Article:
The Punch, and why I think I have to stop bothering with comments | Kylie Purtell - Capturing Life

Thursday, 18 March 2010

The Punch, and why I think I have to stop bothering with comments

Do you read The Punch? I do, but lately it's getting to point where I don't think I am going to bother reading any of the comments on there anymore, which is a shame as that is one of the great things about The Punch, the chance for an open dialogue between people from all walks of life on issues that affect most of us.

I just don't understand these people who have absolutely no idea what sarcasm or humour is. It just reinforces the need for someone to come up with a sarcasm font!

An example - there is a piece on there today called 'Why stop at binning welcome to country and prayers' by Chris Deal. He is clearly being sarcastic and using extreme points of issue to support his argument. Anyone with half a brain could read his article and see the point he is trying to make. Yet there are still comments on there from people who seem to think that calling for a ban on things like the Anzac Day parade and foreplay in the same article, with ridiculously overstated reasons that are just so obviously being sarcastic, is an actual call to ban Anzac Day and other things. They have completely missed the point, and at the same time made themselves look like the huge, humourless fools they are because they can't understand english properly and read between the lines. (I'm sure these are the same people that write nasty comments to Joe Hildebrand of the Daily Telegraph whenever he dare uses sarcasm or satire in an article!)

I know some people say that sarcasm is the lowest form of humour, but I think it has a place and when used correctly can be an excellent tool for expressing an opinion, or the absurdity of certain suggestions.

My other problem with the comments is that some of the commentors are just so convinced of their point of view that it's almost pointless leaving a comment as you'll just be attacked because your opinion is different, rather than having a discussion between adults with open minds wanting to looks at all sides of an issue equally. I hate the way some of these people cast nasty aspersions on the personal lives of the authors and other commentors just because their point of view is different. It's ridiculous. It's a reason why I've stopped commenting on Mamamia so much. It's just not worth it.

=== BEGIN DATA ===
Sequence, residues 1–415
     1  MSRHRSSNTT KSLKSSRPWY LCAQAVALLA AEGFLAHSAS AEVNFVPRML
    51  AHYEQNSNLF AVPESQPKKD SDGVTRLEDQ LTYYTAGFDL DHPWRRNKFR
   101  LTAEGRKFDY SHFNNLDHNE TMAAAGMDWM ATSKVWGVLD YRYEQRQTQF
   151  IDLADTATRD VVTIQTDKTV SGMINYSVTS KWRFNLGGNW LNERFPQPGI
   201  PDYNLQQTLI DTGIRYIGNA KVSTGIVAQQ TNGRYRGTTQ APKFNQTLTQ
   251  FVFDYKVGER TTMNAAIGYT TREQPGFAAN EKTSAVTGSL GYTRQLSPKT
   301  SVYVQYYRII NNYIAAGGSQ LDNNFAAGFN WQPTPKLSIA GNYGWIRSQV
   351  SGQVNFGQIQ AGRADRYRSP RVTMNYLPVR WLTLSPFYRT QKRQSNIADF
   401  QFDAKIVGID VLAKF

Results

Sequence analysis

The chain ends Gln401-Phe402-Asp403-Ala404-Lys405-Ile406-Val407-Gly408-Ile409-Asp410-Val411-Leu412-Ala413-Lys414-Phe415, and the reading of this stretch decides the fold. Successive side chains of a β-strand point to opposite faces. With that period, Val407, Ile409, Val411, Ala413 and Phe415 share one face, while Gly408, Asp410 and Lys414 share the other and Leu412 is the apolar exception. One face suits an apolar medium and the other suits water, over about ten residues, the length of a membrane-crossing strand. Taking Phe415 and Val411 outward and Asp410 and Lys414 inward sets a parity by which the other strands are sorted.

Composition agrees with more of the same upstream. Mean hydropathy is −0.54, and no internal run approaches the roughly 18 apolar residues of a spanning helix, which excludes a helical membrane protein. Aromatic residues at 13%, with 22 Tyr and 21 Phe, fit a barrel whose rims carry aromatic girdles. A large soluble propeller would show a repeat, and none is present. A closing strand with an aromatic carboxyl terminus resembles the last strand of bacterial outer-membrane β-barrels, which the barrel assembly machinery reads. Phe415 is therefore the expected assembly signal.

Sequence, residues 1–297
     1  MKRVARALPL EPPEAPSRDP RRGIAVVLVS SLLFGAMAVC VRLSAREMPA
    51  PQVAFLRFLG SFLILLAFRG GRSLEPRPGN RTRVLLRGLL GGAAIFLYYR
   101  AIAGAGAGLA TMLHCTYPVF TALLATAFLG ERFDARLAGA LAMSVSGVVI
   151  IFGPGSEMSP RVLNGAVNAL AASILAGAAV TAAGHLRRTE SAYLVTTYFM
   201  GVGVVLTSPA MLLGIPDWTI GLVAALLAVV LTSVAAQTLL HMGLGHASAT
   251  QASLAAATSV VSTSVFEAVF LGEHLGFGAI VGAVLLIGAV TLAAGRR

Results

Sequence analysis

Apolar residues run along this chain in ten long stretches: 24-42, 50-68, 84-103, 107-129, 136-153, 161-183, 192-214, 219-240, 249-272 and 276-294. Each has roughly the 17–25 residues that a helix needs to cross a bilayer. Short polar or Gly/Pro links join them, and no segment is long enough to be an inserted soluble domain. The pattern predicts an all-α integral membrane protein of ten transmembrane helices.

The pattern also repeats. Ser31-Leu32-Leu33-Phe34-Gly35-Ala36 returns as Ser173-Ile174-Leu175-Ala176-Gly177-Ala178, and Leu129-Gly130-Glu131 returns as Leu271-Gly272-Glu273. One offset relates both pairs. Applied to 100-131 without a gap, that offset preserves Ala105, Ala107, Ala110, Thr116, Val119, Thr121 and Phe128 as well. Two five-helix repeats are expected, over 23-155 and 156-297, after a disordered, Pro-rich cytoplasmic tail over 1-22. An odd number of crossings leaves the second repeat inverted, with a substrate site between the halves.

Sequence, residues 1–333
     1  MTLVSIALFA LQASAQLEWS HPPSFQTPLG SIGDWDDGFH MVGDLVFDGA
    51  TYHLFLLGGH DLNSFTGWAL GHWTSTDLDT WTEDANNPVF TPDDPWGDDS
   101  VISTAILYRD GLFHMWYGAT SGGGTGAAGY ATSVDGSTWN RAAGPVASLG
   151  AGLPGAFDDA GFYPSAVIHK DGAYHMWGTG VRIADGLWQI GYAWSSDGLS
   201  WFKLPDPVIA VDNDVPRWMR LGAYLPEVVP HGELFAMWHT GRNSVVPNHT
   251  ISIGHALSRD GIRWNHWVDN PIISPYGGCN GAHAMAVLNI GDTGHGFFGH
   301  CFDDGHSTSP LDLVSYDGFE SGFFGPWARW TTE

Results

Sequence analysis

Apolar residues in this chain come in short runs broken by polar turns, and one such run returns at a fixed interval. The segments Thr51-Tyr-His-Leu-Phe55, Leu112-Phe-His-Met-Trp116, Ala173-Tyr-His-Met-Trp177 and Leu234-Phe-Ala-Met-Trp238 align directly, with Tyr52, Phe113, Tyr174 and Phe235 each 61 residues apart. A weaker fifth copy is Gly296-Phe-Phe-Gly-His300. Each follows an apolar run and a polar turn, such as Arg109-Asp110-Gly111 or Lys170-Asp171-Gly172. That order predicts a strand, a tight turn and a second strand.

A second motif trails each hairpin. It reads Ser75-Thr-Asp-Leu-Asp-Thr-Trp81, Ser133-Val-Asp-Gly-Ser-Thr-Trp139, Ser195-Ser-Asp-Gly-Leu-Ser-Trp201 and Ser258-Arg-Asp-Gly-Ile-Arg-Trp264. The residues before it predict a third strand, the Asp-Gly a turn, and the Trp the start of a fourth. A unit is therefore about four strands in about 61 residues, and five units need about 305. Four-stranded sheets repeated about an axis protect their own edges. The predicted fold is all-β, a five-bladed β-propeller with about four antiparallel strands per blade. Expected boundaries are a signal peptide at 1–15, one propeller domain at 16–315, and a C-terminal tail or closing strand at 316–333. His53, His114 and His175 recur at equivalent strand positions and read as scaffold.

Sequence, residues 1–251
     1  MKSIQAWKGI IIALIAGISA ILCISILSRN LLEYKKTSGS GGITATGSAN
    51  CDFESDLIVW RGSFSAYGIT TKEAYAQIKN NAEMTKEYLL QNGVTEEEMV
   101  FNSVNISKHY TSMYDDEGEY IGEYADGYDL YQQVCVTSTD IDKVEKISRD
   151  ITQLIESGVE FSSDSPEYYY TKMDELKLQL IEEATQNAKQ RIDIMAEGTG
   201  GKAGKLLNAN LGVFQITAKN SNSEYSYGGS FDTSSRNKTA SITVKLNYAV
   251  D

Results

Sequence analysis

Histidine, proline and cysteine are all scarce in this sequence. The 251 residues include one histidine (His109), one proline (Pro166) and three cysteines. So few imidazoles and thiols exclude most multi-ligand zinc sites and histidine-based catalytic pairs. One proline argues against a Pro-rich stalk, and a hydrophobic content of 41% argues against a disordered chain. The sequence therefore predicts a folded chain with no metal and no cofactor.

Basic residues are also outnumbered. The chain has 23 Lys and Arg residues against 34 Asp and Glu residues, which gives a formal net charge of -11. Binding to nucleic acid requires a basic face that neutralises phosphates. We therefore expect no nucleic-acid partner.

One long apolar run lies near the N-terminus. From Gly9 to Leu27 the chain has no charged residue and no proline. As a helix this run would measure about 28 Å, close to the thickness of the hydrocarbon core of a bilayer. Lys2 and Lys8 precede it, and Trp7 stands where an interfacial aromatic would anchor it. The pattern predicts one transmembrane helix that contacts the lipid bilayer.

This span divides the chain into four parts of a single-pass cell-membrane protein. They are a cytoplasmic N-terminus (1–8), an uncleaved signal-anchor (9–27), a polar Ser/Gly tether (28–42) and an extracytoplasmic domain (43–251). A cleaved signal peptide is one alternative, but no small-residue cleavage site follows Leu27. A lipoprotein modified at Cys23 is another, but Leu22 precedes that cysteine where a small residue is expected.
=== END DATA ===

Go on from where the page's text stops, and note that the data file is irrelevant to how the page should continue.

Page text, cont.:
Does anyone else feel like this?

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5 comments:

  1. I know what you mean, it's so frustrating. Comments should be an added bonus.

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  2. I really only make a point of reading comments on personal 'blogs. On the mainstream sites, I will post a comment if I have something to say about the original piece and it's usually only then, that I pay attention to any other comments.

    And that's when I start feeling like this: http://xkcd.com/386/

    In fact, I've just 'blogged about a run-in I had with a commenter who turned into a troll on Twitter the other night.

    Irony is an important tool for highlighting the absurdity of certain arguments. Of course it's a bloody ritual that doesn't achieve anything tangible. So is singing the national anthem, so what's your point?

    It seems, irony is also important in reminding us how many people out there really don't get it.
    At least they're not listening to talk radio.

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  3. I can't even bring myself to comment in the first place, except on blogs like your wonderful one! :) I just don't want to have to deal with dunderheads misinterpreting or getting personal and nasty.

    ReplyDelete
  4. It's usually small people that do the attacking. But still annoying.

    I was in a network where I had to notate if I was joking or being sarcastic because I was taken wrongly too many times.

    Sarcastic font is a good idea.

    ReplyDelete
  5. I only comment on personal blogs, but I have seen some really vindictive people out there who show their real selves to be small minded bigots. I did have one anonymous commenter early in my blogging life who was rude and nasty, but I left his comments there as I chose to have my blog in the public domain.

    ReplyDelete

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